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Safety of Influenza A (H1N1) 2009 Live Attenuated Monovalent Vaccine in Pregnant Women

Moro, Pedro L. MD, MPH; Museru, Oidda I. RN, MSN, MPH; Broder, Karen MD; Cragan, Janet MD, MPH; Zheteyeva, Yenlik MD, MPH; Tepper, Naomi MD, MPH; Revzina, Natalia MD, MPH; Lewis, Paige MSPH; Arana, Jorge MD, MPH; Barash, Faith MD, MPH; Kissin, Dmitry MD, MPH; Vellozzi, Claudia MD, MPH

doi: 10.1097/AOG.0000000000000010
Contents: Original Research

OBJECTIVE: To characterize maternal and infant outcomes for pregnant women who received live H1N1 influenza vaccine and had no reported adverse events.

METHODS: We identified Vaccine Adverse Event Reporting System reports, which described receipt of live H1N1 vaccine during pregnancy without an indication of an adverse event at the time of the report during October 2009 to June 2010. We reviewed the initial reports and obtained pregnancy outcome and infant data through 6 months of age from medical records. We reviewed the numbers and characteristics of pregnancy complications and infant outcomes including major birth defects and medically important infant conditions. Rates of spontaneous abortion, preterm birth, and major birth defects and their 95% confidence intervals were calculated.

RESULTS: The Vaccine Adverse Event Reporting System received 113 reports stating receipt of live H1N1 vaccine during pregnancy with no adverse events reported. We obtained follow-up maternal records on 95 of the 113 (84%) live H1N1 reports (40.2% were vaccinated in the first trimester) and found: 87 live births (two twin pregnancies) and no maternal deaths occurred. Number and rates of pregnancy-specific adverse events included: 10 (10.5%, 5.8–18.3) spontaneous abortions; four (4.7%, 1.8–11.4) preterm deliveries at 35–36 weeks of gestation; three (3.4%, 1.2–9.7) infants had one or more major birth defects noted at birth: one cleft palate, one cleft lip, and one microtia (underdeveloped or absent external ear). Seven neonates and infants were hospitalized for medically important conditions. One infant death occurred in a 2.5-month-old boy as a result of pertussis.

CONCLUSION: Rates of spontaneous abortion, preterm birth, and major birth defects in pregnant women who received live H1N1 vaccine were similar to or lower than published background rates. No concerning patterns of medical conditions in infants were identified.

LEVEL OF EVIDENCE: III

No concerning patterns of pregnancy complications or infant medical conditions occur among women who receive influenza A (H1N1) 2009 live attenuated monovalent vaccine inadvertently.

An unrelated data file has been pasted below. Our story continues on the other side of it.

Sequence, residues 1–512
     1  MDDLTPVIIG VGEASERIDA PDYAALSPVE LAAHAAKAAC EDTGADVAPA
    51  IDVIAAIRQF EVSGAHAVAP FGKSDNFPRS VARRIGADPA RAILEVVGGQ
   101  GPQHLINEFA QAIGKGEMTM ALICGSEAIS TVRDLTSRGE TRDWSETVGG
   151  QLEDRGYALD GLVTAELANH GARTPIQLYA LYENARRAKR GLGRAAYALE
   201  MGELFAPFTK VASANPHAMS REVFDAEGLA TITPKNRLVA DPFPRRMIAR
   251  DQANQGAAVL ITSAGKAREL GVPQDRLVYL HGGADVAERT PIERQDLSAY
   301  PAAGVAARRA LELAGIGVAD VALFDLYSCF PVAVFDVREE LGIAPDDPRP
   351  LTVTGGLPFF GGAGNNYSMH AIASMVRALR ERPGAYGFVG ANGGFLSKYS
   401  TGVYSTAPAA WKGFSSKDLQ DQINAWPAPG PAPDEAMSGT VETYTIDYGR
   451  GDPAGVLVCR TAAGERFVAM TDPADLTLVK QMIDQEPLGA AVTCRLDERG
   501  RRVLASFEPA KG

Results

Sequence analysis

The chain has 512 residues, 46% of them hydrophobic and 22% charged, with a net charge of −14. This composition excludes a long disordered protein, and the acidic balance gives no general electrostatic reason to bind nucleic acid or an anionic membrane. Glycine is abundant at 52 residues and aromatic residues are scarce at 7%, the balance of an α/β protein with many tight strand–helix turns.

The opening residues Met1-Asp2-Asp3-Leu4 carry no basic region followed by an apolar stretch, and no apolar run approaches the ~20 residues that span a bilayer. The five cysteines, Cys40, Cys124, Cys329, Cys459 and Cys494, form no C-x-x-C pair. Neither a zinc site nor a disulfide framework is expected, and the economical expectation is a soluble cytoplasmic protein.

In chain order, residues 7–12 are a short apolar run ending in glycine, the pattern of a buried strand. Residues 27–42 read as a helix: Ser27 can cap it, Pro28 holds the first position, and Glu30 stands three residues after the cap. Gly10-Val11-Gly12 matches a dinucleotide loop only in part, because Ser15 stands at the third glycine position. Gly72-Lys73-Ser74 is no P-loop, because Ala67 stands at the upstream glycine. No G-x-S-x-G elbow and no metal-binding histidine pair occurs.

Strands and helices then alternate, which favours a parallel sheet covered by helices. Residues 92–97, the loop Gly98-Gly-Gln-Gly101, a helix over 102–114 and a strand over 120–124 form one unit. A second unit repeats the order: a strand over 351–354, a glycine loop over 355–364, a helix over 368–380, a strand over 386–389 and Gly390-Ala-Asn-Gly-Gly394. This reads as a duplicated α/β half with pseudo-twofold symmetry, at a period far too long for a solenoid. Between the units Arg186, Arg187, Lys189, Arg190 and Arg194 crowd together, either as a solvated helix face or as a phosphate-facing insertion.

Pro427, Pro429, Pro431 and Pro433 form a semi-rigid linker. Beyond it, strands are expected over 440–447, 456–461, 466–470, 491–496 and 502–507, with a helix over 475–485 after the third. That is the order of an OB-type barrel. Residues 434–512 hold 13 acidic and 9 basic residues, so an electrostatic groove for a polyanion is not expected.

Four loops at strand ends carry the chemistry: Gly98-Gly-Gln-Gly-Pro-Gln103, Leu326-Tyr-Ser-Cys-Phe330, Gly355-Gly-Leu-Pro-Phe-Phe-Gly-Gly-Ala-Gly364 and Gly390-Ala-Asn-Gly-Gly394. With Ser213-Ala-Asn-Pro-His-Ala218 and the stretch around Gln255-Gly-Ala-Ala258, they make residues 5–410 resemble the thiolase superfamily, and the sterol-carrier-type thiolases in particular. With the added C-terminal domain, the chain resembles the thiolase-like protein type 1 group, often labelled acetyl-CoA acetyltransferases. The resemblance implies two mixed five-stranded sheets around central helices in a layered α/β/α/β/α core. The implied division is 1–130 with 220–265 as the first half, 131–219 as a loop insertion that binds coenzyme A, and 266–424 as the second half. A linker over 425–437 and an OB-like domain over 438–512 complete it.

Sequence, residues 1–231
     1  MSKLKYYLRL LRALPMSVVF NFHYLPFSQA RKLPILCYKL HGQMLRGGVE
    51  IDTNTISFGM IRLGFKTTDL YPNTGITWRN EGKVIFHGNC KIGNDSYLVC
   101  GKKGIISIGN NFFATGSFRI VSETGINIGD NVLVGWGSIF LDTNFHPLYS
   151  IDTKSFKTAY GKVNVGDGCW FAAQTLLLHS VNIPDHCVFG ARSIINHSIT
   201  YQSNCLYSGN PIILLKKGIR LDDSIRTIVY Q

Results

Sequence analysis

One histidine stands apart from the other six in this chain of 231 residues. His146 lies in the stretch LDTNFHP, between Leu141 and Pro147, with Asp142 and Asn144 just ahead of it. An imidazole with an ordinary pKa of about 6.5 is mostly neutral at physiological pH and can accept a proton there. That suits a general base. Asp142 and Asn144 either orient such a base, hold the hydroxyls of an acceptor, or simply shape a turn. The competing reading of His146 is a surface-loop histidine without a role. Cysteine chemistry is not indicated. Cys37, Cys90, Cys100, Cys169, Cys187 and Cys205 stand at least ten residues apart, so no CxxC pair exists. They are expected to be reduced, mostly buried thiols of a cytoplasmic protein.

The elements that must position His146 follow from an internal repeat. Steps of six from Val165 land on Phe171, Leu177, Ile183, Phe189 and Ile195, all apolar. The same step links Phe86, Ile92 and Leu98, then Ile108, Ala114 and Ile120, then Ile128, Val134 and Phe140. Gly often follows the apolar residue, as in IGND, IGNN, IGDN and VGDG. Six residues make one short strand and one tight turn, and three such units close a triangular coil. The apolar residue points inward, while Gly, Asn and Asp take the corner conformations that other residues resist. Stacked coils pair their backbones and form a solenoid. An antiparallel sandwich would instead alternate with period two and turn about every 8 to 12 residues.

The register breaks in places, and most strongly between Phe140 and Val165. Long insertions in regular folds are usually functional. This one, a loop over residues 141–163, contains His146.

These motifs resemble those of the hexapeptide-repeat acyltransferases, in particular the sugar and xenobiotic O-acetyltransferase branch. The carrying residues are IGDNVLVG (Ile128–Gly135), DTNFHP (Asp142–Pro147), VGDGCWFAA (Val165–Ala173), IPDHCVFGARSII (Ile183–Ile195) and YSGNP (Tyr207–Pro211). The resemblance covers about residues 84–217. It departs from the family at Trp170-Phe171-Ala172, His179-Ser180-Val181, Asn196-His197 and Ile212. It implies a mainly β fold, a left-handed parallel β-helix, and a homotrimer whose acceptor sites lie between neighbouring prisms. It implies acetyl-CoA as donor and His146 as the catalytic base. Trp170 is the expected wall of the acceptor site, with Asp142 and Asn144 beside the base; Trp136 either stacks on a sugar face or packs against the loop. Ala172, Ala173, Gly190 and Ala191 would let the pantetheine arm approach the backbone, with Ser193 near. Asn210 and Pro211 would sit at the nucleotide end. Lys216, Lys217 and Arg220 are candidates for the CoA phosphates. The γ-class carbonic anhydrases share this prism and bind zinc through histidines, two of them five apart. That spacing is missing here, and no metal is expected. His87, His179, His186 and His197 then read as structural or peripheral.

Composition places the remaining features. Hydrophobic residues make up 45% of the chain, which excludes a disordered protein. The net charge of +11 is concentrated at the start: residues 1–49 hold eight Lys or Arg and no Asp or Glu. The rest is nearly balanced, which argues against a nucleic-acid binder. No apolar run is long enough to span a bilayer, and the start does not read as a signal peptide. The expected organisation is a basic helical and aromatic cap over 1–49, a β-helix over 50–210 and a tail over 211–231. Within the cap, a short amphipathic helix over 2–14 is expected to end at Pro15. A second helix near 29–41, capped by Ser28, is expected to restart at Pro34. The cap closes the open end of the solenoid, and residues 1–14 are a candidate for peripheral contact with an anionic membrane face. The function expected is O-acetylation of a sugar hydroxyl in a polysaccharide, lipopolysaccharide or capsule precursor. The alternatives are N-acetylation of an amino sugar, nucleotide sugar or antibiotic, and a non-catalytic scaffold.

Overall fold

Immunization Safety Office, Division of Healthcare Quality Promotion, National Center for Emerging and Zoonotic Infectious Diseases, the Birth Defects Branch, Division of Birth Defects & Developmental Disabilities, National Center on Birth Defects & Developmental Disabilities, the Epidemic Intelligence Service, Epidemiology Workforce Branch, Office of Public Health Scientific Services, and the Women's Health and Fertility Branch, Division of Reproductive Health, National Center for Chronic Disease Prevention and Health Promotion, Centers for Disease Control and Prevention, and the Department of Pediatrics, Emory School of Medicine, Atlanta, Georgia; and the Office of Biostatistics and Epidemiology, Center for Biologics Evaluation and Research, U.S. Food and Drug Administration, Silver Spring, Maryland.

Corresponding author: Pedro L. Moro, MD, MPH, Immunization Safety Office, Division of Healthcare Quality Promotion, Centers for Disease Control and Prevention, 1600 Clifton Road, MS D26, Atlanta, GA 30333; e-mail: pmoro@cdc.gov.

Funded by the Centers for Disease Control and Prevention and the U.S. Food and Drug Administration.

The authors thank Drs. Dixie Snider, Sonja Rasmussen, Frank Destefano, and Emily Jane Woo and Ms. Nadine Shehab for their valuable comments and advice and Dr. David Kleinbaum for statistical and epidemiological advice. The authors also thank the Centers for Disease Control and Prevention's Immunization Safety Office staff, whose work allowed this activity to be conducted.

Presented in part at the 15th Annual Vaccine Research Conference, May 7–9, 2012, Baltimore, Maryland, and the 61st Annual Meeting of the American Society of Tropical Medicine and Hygiene, November 11–15, 2012, Atlanta, Georgia.

The findings and conclusions in this report are those of the authors and do not necessarily represent the official position of the Centers for Disease Control and Prevention or the U.S. Food and Drug Administration.

Financial Disclosure The authors did not report any potential conflicts of interest.

© 2013 by The American College of Obstetricians and Gynecologists. Published by Wolters Kluwer Health, Inc. All rights reserved.